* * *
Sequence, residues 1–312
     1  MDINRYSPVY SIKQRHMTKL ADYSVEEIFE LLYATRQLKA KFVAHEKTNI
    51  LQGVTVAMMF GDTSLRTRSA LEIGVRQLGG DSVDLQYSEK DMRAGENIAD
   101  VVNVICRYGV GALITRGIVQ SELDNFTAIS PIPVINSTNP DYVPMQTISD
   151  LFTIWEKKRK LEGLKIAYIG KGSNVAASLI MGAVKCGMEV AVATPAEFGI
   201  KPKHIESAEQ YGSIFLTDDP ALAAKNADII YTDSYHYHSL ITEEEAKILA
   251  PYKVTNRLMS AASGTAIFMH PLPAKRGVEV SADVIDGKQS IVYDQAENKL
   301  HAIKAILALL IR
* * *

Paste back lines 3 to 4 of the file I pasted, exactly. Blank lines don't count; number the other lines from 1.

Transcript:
    51  LQGVTVAMMF GDTSLRTRSA LEIGVRQLGG DSVDLQYSEK DMRAGENIAD
   101  VVNVICRYGV GALITRGIVQ SELDNFTAIS PIPVINSTNP DYVPMQTISD